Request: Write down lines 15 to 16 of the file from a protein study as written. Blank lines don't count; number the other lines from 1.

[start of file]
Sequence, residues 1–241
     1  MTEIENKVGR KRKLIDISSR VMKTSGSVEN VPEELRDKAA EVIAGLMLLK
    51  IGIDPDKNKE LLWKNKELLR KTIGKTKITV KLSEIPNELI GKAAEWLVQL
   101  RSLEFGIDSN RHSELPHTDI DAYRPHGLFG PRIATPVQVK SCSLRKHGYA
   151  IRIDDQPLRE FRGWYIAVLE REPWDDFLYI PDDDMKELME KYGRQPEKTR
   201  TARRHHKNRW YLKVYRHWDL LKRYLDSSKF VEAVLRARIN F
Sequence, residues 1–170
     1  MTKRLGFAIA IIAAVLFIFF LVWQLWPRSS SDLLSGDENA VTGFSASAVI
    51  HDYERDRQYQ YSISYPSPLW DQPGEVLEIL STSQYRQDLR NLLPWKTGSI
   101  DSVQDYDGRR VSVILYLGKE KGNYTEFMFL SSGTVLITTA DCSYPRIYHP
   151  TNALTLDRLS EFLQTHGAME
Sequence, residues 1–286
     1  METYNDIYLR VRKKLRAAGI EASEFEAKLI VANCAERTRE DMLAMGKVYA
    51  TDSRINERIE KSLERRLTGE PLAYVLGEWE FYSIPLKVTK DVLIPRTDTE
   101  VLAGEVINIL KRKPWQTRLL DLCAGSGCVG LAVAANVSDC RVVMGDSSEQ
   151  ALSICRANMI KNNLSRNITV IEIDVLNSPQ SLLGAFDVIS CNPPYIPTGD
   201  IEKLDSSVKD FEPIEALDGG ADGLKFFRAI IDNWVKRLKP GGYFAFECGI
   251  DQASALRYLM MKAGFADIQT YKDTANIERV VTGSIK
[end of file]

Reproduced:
   101  VLAGEVINIL KRKPWQTRLL DLCAGSGCVG LAVAANVSDC RVVMGDSSEQ
   151  ALSICRANMI KNNLSRNITV IEIDVLNSPQ SLLGAFDVIS CNPPYIPTGD